How to Fix the News
Newspaper circulation continues to decline. The top-selling paper in the country,USA Today, distributes only 2 million copies a day (half, no doubt, placed outside hotel room doors). Around the same number, with an average age of 71, watchThe O’Reilly Factornightly, with the number decreasing as the audience dies off. Everyone quietly concedes the news industry is dying. It’s the Internet’s fault, they all assure us.
But what if it wasn’t? The other day I heard a news program that was so good that I wanted to listen to it again. And I’m not alone — all my friends have been talking about it as well. And while I don’t have exact numbers, it seems as popular as any one of those other news outlets. That show? TheThis American Lifeepisode onThe Global Pool of Money— a comprehensive explanation of the housing mess.
There were three things about the show that made it stand out from the rest of the news pack:
It believed in the intelligence of its audience.It didn’t try to pander with sex or disasters or quick cuts. It took a serious news story and investigated it thoroughly for a full hour, with only one break. And it didn’t try and dumb any of it down — it explained the whole thing, from top to bottom.
It didn’t assume you already knew the subject.Most news stories on important topics are incomprehensible to the average person who doesn’t know much about their topic. Here’s a quote from a random news story about the housing crisis: “They said financial institutions have been unwilling to expose themselves to the mortgage market, and lenders are hesitant to lend to risky borrowers in a declining house price market after the subprime meltdown.” Unless you’ve been following the story (like the reporter, presumably) do you really know what that means?TALinstead assumed you knew nothing and explained every component and term so that you actually had a picture of what was going on.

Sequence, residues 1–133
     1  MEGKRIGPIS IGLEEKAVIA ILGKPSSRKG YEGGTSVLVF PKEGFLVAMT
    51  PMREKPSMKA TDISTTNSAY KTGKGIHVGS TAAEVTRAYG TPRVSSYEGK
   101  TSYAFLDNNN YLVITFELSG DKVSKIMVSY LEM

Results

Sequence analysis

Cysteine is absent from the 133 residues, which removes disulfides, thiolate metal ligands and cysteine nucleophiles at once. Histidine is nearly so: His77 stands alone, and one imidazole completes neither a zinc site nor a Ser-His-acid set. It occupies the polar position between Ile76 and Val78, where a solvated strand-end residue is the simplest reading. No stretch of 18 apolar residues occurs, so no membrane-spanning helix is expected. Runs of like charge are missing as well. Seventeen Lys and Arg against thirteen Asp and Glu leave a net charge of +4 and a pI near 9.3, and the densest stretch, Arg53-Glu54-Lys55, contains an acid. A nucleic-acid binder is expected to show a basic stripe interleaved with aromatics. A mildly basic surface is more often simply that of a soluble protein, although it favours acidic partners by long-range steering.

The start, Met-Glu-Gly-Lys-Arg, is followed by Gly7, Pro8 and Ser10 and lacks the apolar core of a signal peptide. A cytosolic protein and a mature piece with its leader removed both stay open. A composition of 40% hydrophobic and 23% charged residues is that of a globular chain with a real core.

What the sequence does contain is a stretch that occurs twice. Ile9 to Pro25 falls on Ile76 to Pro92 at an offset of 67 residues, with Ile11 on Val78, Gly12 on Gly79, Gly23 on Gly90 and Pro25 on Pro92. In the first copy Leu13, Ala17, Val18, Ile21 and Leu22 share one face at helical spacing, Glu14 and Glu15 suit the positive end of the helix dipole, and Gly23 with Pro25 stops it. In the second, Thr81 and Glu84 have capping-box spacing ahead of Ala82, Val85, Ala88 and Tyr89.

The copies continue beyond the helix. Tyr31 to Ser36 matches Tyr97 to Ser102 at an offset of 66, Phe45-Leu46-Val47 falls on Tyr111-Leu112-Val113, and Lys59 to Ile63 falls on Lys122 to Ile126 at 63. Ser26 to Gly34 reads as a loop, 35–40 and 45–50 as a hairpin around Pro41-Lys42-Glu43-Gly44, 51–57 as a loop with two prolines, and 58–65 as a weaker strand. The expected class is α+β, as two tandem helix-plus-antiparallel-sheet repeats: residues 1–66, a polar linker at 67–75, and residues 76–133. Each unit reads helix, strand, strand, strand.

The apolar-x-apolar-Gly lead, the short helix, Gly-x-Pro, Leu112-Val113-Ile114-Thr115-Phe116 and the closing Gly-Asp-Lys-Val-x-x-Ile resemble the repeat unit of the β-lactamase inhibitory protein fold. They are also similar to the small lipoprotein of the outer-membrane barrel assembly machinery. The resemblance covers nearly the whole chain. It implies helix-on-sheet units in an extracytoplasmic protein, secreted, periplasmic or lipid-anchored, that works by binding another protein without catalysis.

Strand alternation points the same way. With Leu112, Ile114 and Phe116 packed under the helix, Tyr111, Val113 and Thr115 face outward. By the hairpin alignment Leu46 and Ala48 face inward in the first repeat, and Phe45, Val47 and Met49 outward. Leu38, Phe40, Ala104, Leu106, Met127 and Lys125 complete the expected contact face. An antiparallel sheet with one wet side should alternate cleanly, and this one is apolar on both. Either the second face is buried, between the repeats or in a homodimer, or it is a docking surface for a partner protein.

It was done in an entertaining and conversational tone.It didn’t treat the news as some important series of facts that had to be seriously conveyed to you. It treated it as something interesting they wanted to tell you about, a story that involved real people’s lives (who you got to hear from at length) and was full of genuinely interesting pieces. Look at that news quote above one more time. Can you really imagine someone sitting down and saying that with a straight face?
At first these things may seem contradictory — how can you believe in the intelligence of your audience while assuming they don’t know anything? how can you be entertaining and yet still explain a subject? — but the more you think about them you see how well they fit together. Being intelligent doesn’t mean you’re knowledgeable; it means you’re curious. Which means you want to hear the whole story from beginning to end and which means you might actually find it entertaining. And being conversational prevents you from assuming the mask that lets you talk down to your audience while pretending they only need to hear the handful of new facts that you’re providing.
In every other field, that kind of formality has been dropped. Even banks run advertisements these days about how their associates will be your friend. And yet the news chugs along with its arrogant formality, watching its audience get older and older, and wondering why its circulation is declining.
Together, these three points seem like the recipe for a genuine news show: intelligent, comprehensive, and entertaining. And yet, I can’t think of a single thing that follows them. Surely in an era of desperation and experimentation, the wacky idea of actually respecting your audience has to be worth a try bysomeone. Anyone want to give it a shot?
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May 12, 2008